"He owned the apothecary's shop, selling medicine, antidotes, and teleportation escapipes." Varl pointed to the scorched but still intact two-story building, the sign over the door bearing the icon of a wooden keg. Typically, the shop was on the first floor and the storekeeper's home above.
"Old buzzard," the unnamed villager commented dryly.
"And he's not here now, either?" Sari asked.
"No, he isn't."
"Did you go inside to fight the fire?"
"No; it was completely put out from the outside. There was no call to go in."
"Then we'd better go check. You may have five dead instead of four."
As she'd expected, they found the corpse on the second floor, the body of a withered old man in his sixties wearing an expensive tunic and trousers.
"Is that him?"
"Yes, it's Glovre."
Just another tragedy, Sari thought at first sight. There was no wound that she could see and no sign that he'd been burned, so she assumed that either Glovre had choked to death on the smoke or that fear and shock had caused his heart to give out. Then she took a second look, and her gut twisted in revulsion. A long, trailing line of cloth was twined around his throat like a scarf, but it was pulled far too tight.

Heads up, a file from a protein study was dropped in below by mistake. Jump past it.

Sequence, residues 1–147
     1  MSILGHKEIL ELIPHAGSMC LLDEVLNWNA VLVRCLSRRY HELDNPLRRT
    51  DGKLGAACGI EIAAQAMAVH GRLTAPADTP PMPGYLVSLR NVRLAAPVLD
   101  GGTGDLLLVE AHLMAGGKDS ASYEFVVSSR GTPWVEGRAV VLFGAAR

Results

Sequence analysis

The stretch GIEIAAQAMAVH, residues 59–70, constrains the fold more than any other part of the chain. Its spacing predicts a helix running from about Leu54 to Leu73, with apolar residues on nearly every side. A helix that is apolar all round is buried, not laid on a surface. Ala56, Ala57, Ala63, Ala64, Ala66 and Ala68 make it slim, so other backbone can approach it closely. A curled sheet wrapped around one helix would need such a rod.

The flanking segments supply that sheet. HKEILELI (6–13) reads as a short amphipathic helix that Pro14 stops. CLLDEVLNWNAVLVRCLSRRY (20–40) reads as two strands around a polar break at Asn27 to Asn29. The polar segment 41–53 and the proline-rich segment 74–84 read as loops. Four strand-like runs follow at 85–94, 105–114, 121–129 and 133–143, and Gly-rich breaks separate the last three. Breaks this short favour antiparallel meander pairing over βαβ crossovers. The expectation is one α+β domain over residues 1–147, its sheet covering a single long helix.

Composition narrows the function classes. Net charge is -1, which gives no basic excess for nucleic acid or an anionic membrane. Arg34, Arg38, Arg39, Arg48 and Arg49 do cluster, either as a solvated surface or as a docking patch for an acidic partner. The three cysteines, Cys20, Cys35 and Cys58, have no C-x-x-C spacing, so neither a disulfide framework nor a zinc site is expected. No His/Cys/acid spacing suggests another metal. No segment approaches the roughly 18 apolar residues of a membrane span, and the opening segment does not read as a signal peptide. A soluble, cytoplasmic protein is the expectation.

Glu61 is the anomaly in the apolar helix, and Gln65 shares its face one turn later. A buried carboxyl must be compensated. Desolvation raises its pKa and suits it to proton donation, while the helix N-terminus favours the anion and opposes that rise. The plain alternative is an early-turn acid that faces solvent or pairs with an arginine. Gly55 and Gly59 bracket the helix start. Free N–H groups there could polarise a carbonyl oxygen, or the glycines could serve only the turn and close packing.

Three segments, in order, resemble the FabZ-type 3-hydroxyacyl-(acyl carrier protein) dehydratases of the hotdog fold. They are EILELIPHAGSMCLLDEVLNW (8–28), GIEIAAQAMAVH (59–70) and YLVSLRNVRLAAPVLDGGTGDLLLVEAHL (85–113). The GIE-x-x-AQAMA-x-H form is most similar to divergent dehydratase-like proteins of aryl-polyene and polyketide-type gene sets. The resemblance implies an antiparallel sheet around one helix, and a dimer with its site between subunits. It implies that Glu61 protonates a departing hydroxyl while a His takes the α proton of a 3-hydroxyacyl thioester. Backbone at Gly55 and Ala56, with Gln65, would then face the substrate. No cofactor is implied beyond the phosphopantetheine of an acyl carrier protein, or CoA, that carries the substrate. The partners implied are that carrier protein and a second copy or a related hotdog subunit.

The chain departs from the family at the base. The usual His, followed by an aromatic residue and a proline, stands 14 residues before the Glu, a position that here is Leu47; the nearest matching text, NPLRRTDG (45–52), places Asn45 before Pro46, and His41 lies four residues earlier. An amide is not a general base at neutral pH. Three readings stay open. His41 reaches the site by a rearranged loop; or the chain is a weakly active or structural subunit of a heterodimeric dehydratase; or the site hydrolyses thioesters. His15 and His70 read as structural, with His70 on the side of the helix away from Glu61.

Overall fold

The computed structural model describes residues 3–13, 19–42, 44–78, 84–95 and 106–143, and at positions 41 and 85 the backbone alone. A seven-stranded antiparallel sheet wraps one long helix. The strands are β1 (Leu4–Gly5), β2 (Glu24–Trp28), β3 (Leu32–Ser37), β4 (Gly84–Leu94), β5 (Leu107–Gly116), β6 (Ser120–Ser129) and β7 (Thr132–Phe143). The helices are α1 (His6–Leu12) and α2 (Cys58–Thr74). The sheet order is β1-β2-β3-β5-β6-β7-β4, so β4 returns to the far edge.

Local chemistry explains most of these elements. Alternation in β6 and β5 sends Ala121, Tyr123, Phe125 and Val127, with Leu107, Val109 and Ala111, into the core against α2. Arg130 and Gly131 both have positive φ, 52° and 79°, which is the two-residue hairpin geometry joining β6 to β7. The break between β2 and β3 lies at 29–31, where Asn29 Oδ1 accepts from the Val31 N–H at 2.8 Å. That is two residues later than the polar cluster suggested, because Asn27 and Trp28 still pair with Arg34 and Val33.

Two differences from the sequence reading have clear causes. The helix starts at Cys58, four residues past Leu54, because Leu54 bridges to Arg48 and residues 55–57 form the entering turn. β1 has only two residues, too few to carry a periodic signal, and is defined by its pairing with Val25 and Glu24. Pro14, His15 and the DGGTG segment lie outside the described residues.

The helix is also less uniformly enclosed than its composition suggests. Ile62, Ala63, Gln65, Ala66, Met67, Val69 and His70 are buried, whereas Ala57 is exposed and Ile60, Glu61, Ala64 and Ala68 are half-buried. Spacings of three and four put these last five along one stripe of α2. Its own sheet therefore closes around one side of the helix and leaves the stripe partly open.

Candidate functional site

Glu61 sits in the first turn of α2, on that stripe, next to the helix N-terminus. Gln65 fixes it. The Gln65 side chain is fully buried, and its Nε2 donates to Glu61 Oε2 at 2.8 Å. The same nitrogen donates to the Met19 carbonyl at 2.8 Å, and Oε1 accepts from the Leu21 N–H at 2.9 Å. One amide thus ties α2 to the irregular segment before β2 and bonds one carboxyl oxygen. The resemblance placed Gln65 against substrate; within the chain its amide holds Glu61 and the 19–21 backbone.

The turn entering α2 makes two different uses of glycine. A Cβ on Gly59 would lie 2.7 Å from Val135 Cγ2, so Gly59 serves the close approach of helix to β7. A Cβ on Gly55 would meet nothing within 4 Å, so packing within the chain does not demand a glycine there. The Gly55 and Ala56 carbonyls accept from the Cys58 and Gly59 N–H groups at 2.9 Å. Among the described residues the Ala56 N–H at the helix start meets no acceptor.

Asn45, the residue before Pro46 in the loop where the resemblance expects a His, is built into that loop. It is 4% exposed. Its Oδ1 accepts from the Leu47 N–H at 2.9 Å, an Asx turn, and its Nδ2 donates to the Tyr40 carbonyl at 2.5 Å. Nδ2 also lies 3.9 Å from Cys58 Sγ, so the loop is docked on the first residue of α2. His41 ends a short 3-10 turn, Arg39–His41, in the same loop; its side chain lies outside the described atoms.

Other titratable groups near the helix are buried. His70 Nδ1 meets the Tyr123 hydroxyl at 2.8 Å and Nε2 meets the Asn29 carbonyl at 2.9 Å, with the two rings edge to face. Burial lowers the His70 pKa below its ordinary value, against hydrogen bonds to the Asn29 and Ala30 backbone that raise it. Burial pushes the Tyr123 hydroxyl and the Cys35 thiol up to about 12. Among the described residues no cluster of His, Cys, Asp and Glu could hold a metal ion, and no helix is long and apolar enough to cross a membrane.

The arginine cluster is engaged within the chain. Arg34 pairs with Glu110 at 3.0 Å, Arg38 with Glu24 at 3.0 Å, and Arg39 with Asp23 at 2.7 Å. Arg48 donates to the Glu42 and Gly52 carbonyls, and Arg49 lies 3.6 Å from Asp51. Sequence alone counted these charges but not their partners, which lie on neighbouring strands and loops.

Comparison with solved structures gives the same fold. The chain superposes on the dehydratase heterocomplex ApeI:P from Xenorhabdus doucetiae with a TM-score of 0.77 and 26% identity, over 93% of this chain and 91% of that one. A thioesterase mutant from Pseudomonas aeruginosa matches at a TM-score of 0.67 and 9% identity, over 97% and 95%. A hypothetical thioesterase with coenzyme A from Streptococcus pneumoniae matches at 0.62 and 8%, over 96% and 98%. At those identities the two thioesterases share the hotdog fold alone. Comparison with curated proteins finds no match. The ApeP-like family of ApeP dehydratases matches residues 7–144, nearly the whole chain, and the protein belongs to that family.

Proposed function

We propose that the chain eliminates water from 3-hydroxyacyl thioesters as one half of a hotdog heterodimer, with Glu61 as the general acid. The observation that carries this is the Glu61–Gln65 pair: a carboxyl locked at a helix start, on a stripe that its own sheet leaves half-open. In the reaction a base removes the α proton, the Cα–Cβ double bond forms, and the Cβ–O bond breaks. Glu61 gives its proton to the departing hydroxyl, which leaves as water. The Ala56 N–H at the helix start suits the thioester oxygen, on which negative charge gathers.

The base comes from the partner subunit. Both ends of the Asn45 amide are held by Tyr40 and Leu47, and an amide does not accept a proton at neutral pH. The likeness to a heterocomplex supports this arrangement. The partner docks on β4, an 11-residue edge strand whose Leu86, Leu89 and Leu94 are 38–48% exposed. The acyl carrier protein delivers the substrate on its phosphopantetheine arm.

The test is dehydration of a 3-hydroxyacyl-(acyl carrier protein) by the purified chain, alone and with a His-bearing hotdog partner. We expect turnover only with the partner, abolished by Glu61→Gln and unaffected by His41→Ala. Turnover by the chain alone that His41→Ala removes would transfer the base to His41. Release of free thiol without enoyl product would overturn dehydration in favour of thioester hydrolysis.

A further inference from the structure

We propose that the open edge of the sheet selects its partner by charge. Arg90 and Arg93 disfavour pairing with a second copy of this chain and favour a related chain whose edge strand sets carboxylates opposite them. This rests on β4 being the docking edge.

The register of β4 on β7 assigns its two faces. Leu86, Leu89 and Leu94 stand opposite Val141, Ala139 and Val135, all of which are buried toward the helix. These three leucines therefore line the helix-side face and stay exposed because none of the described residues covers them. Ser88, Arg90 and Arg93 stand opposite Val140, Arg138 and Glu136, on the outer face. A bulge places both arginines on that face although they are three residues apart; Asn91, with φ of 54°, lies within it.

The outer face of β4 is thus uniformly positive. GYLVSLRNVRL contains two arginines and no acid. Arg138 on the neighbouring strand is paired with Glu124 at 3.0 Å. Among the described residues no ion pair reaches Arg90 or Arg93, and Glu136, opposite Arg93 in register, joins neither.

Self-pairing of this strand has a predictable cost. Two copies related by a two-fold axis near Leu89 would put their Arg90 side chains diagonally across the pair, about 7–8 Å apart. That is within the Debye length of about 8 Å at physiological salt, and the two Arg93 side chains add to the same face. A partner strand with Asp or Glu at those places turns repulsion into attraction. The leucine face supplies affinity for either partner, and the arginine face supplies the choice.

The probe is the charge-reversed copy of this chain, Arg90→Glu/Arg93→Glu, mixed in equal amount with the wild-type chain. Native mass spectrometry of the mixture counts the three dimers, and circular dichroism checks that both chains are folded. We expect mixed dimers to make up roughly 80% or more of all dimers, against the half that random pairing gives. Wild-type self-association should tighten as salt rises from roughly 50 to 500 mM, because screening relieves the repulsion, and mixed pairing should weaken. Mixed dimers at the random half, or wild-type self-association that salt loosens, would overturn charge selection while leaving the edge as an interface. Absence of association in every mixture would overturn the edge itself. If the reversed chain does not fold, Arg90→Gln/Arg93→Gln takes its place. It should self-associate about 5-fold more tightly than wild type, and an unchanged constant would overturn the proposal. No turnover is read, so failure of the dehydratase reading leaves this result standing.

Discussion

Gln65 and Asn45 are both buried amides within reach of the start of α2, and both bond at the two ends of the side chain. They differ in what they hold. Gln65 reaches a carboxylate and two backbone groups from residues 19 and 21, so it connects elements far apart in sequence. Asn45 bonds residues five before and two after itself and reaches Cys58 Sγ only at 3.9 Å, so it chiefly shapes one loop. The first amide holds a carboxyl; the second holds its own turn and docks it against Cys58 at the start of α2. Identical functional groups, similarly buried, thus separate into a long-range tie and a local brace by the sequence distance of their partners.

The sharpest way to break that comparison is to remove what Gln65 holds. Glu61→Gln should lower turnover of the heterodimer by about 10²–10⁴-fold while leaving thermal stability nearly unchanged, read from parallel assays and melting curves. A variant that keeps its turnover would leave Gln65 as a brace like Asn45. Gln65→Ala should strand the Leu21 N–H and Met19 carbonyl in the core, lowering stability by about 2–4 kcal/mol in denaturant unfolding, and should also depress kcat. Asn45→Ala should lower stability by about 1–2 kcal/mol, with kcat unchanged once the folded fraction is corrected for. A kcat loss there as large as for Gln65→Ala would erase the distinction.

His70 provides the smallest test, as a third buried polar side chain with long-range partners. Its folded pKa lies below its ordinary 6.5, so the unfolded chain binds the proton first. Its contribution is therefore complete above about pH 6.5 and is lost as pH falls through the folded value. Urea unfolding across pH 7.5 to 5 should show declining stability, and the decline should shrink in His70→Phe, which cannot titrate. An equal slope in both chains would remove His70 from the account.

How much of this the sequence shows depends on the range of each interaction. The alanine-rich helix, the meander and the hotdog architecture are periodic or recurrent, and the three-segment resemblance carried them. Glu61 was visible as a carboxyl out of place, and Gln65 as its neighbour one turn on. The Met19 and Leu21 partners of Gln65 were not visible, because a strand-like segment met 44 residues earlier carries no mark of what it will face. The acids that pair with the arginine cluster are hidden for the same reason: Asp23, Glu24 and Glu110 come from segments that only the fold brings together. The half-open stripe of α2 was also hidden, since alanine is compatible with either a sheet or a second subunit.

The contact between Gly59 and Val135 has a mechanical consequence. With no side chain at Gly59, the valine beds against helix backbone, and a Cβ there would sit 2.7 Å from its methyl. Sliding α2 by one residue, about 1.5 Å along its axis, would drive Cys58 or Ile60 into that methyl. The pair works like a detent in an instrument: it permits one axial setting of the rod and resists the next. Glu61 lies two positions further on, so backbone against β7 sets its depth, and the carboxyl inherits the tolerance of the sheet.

"This isn't just a death," she said. "It's a killing."
Varl scowled and Tonam blanched at her words. Lukas knelt down by the body and began to unwind the cloth.
"Looks like a sash," he said, running it through his hands. "Probably his own; there are plenty of clothes in this room and the chests are open. You're right, Sari; he was strangled."
It was obvious, now, the staring eyes, the swollen, blackened tongue, and the white stripes of flesh with red welts at their edges where the soot that darkened his face and throat had rubbed off on the inside of the strangling sash.
"Well, that's another crime on the head of that Layan scum," Varl said. "I hadn't realized that he'd gone so far as to take life with his own hands."
"They don't have Orakio's Law," Tonam pointed out.
"Laya's Law, to them, but it's the same thing," Mira reminded him. "This raider is a criminal by the rules of our society and his own alike, a violator of the most sacred laws."